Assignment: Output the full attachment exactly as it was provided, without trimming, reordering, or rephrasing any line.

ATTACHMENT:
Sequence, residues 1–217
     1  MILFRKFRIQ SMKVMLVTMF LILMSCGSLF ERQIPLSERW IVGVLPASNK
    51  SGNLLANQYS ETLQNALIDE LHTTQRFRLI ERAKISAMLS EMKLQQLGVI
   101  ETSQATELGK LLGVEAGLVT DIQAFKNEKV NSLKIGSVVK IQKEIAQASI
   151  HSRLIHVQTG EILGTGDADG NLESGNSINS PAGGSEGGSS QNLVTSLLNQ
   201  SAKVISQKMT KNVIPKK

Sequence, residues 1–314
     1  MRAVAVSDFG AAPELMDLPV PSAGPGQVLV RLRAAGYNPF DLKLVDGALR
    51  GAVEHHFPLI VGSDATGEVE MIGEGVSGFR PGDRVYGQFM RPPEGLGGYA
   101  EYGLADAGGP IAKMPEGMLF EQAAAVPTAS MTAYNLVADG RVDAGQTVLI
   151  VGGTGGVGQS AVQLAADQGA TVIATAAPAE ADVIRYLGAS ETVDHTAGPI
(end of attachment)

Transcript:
Sequence, residues 1–217
     1  MILFRKFRIQ SMKVMLVTMF LILMSCGSLF ERQIPLSERW IVGVLPASNK
    51  SGNLLANQYS ETLQNALIDE LHTTQRFRLI ERAKISAMLS EMKLQQLGVI
   101  ETSQATELGK LLGVEAGLVT DIQAFKNEKV NSLKIGSVVK IQKEIAQASI
   151  HSRLIHVQTG EILGTGDADG NLESGNSINS PAGGSEGGSS QNLVTSLLNQ
   201  SAKVISQKMT KNVIPKK

Sequence, residues 1–314
     1  MRAVAVSDFG AAPELMDLPV PSAGPGQVLV RLRAAGYNPF DLKLVDGALR
    51  GAVEHHFPLI VGSDATGEVE MIGEGVSGFR PGDRVYGQFM RPPEGLGGYA
   101  EYGLADAGGP IAKMPEGMLF EQAAAVPTAS MTAYNLVADG RVDAGQTVLI
   151  VGGTGGVGQS AVQLAADQGA TVIATAAPAE ADVIRYLGAS ETVDHTAGPI